As delegates discuss various ways to reduce greenhouse gas emissions in Copenhagen, Ecuador has a simple message: keep untapped oil in the ground. Ivonne Yanez is an environmental activist from Ecuador, one of the larger oil producing countries in Latin America. Ecuador is believed to be sitting on an oil reserve of hundreds of millions of barrels. But the oil is located in the Yasuni National Park, one of the most biodiverse places on the planet. Ecuador has launched a unique campaign to have the international community compensate the country in exchange for keeping the oil in the ground.
aim of the proposal is to provide a creative solution for the threat
posed by the extraction of crude oil in the
Ishpingo-Tiputini-Tambococha (ITT) oil fields, which are located in
the highly vulnerable area of Yasuní National Park. The
proposal would contribute to preserving biodiversity, reducing
carbon dioxide emissions, and respecting the rights of indigenous
peoples and their way of life.
Rafael Correa has stated that the country’s first option is to
maintain the crude oil in the subsoil. The national and
international communities would be called on to help the Ecuadorian
government implement this costly decision for the country. The
government hopes to recover 50% of the revenues it would obtain by
extracting the oil.
The procedure involves
the issuing of government bonds for the crude oil that will remain
“in situ”, with the double commitment of never extracting this
oil and of protecting Yasuní National Park.
It is important to keep
in mind that if Ecuador succeeds in receiving the hoped for amount –
estimated at 350 million dollars annually – it would only be for a
period of ten years beginning after the sixth year, since production
and thus potential revenues would progressively decline at the end
of that period.
A more promising
alternative would be a strategy to provide the government with the
50% of resources in such a way as to provide a consistent income for
an indefinite period of time. This resources would be channelled
towards activities that help to free the country from its dependency
on exports and imports and to consolidate food sovereignty.
Download the concept document on the proposal 481.62 Kb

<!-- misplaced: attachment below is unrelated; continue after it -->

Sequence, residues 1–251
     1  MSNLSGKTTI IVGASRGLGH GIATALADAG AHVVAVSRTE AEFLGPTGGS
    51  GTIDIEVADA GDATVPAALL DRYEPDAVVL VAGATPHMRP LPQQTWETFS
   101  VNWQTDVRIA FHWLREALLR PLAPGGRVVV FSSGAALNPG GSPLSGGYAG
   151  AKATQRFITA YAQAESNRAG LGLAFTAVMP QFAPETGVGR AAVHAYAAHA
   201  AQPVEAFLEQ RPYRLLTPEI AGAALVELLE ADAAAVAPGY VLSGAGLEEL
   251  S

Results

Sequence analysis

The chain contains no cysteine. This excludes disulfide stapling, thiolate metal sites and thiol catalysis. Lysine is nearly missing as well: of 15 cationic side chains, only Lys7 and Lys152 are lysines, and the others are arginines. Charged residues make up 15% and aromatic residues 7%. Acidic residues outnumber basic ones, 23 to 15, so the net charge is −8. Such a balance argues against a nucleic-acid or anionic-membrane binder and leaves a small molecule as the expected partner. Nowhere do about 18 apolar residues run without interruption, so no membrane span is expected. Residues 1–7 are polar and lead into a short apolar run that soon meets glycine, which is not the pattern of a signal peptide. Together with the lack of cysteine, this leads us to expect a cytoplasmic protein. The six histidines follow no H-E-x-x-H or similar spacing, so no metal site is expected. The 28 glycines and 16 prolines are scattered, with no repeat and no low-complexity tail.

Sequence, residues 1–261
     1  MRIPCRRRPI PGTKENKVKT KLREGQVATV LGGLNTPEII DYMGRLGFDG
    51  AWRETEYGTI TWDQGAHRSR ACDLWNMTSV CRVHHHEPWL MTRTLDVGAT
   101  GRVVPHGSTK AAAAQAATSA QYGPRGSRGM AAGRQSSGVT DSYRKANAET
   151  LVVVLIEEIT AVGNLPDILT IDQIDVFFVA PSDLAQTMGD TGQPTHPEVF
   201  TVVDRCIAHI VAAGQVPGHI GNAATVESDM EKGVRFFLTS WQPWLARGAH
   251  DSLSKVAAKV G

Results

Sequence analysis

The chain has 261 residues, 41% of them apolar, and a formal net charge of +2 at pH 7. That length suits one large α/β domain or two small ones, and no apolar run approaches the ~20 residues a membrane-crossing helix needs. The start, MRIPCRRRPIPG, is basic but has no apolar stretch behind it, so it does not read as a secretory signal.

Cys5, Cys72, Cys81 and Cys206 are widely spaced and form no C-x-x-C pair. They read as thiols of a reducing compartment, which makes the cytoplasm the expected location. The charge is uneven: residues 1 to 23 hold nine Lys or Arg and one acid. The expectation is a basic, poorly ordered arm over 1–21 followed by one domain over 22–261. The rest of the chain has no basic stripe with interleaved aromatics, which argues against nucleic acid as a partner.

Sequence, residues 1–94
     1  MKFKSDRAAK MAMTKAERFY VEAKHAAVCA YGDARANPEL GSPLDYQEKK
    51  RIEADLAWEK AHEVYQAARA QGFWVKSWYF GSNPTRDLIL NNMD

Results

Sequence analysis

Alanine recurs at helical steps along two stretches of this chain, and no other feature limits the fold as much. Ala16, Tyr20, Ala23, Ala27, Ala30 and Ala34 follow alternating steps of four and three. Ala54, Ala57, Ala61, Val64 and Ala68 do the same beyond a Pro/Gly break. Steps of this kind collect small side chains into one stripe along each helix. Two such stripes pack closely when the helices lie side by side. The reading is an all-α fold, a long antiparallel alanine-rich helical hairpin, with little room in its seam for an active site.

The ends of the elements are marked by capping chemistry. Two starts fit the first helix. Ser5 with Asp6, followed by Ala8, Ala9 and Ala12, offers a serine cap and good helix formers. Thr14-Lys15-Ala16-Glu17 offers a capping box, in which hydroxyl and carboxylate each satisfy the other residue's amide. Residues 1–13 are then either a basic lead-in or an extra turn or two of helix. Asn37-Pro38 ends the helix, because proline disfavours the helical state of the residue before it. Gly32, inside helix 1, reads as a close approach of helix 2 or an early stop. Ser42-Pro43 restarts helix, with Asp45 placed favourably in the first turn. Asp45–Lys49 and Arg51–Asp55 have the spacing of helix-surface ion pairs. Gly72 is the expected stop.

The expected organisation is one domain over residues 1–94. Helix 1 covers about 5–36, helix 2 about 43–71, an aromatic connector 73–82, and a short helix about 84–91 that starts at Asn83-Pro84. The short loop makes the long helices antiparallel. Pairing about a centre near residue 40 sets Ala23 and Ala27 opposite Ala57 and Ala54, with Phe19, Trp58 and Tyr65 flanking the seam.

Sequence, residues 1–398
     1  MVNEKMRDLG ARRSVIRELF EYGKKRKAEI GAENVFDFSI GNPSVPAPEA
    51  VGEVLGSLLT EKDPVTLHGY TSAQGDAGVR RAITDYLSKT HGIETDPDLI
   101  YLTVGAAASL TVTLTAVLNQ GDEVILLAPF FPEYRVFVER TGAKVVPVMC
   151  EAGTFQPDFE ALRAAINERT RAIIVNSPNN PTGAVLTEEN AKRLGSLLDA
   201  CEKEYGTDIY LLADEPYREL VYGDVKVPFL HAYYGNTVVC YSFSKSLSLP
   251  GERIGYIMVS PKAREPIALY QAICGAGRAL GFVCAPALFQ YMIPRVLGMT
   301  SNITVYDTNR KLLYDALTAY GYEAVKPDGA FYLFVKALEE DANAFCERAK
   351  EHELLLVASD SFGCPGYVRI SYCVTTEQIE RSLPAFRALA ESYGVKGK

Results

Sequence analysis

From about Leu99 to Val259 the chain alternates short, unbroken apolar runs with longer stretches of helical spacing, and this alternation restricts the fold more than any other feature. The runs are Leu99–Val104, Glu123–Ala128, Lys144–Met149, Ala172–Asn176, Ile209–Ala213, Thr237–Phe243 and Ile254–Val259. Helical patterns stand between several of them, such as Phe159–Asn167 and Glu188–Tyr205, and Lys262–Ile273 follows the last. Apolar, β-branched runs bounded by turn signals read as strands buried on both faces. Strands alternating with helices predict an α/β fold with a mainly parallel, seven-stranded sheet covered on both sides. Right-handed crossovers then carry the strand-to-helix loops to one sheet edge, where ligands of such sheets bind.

Download an Oilwatch publication on the proposal to Keep Oil Underground 7.56 Mb
The proposal is framed
within the national and international contexts based on the
- halt climate change
- stop destruction of biodiversity
- protect the huaorani people
- economic transformation of the country
Options for the ITT Block
Energy Minister Alberto
Acosta has referred on numerous occasions to a civil society
proposal not to extract crude oil in Yasuní National Park. On
30 March 2007 President Correa analyzed the alternatives for
developing what has been referred to up until now as the ITT
Article 32 of the Hydrocarbons Law establishes that the exploitation of deposits of heavy crude oil of less than 15 degrees API gravity will be subject to “integral economic planning directed by the Ministry of the sector.”
Article 91 of the current Ecuadorian constitution recognizes the Principle of Precaution and states that “preventive measures will be taken in the event of doubts over the impact or negative environmental consequences of any action or omission, even if there is no scientific evidence of damage. Without prejudice to the rights of those directly affected, any individual or legal entity, or group of people, can undertake the actions foreseen in the law for the protection of the environment.”
transcendental decision that will define Ecuador's future
Download the powerpoint presentation 3.50 Mb
Watch the presentation video
oil Project Ishpingo-Tambococha-Tiputini (ITT) is located the Amazon
Rainforest, in block 43, crossed by the rivers Napo, Tiputini and
Yasuní, on the eastern border with Peru. This block contains
one of the most abundant heavy oil reserves in the country, yet it is
also part of the Yasuní National Park, considered one of the
most important biodiversity reserves on the planet which also
includes the Intangible Zone, home of the voluntarily isolated and
not contacted indigenous peoples, the Tagaeri and the Taromenane.
Watch the video presentation by Dr. Carlos C Larrea of the Universidad Andina Simón Bolivár about the economic model of the proposal.